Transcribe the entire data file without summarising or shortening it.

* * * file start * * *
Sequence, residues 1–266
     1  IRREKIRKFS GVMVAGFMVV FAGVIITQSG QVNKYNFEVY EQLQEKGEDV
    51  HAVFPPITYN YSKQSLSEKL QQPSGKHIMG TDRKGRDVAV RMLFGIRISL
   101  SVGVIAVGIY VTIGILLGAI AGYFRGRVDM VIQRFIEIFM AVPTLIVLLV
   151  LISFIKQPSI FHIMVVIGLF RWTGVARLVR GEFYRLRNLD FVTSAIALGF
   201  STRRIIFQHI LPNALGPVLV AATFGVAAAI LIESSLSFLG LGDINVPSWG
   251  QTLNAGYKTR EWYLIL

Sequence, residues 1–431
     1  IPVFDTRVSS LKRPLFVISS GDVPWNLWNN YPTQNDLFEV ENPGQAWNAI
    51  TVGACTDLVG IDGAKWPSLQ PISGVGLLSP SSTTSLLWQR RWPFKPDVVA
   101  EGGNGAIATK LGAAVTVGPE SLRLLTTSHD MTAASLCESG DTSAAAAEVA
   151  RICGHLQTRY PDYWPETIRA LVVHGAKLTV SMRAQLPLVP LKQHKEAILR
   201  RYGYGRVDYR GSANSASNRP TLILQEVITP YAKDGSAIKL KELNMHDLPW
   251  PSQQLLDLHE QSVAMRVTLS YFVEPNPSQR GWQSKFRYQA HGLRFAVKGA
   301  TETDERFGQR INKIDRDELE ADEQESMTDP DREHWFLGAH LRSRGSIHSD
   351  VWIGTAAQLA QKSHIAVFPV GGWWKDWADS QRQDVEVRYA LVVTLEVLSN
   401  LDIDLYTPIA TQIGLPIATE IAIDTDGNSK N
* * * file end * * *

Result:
Sequence, residues 1–266
     1  IRREKIRKFS GVMVAGFMVV FAGVIITQSG QVNKYNFEVY EQLQEKGEDV
    51  HAVFPPITYN YSKQSLSEKL QQPSGKHIMG TDRKGRDVAV RMLFGIRISL
   101  SVGVIAVGIY VTIGILLGAI AGYFRGRVDM VIQRFIEIFM AVPTLIVLLV
   151  LISFIKQPSI FHIMVVIGLF RWTGVARLVR GEFYRLRNLD FVTSAIALGF
   201  STRRIIFQHI LPNALGPVLV AATFGVAAAI LIESSLSFLG LGDINVPSWG
   251  QTLNAGYKTR EWYLIL

Sequence, residues 1–431
     1  IPVFDTRVSS LKRPLFVISS GDVPWNLWNN YPTQNDLFEV ENPGQAWNAI
    51  TVGACTDLVG IDGAKWPSLQ PISGVGLLSP SSTTSLLWQR RWPFKPDVVA
   101  EGGNGAIATK LGAAVTVGPE SLRLLTTSHD MTAASLCESG DTSAAAAEVA
   151  RICGHLQTRY PDYWPETIRA LVVHGAKLTV SMRAQLPLVP LKQHKEAILR
   201  RYGYGRVDYR GSANSASNRP TLILQEVITP YAKDGSAIKL KELNMHDLPW
   251  PSQQLLDLHE QSVAMRVTLS YFVEPNPSQR GWQSKFRYQA HGLRFAVKGA
   301  TETDERFGQR INKIDRDELE ADEQESMTDP DREHWFLGAH LRSRGSIHSD
   351  VWIGTAAQLA QKSHIAVFPV GGWWKDWADS QRQDVEVRYA LVVTLEVLSN
   401  LDIDLYTPIA TQIGLPIATE IAIDTDGNSK N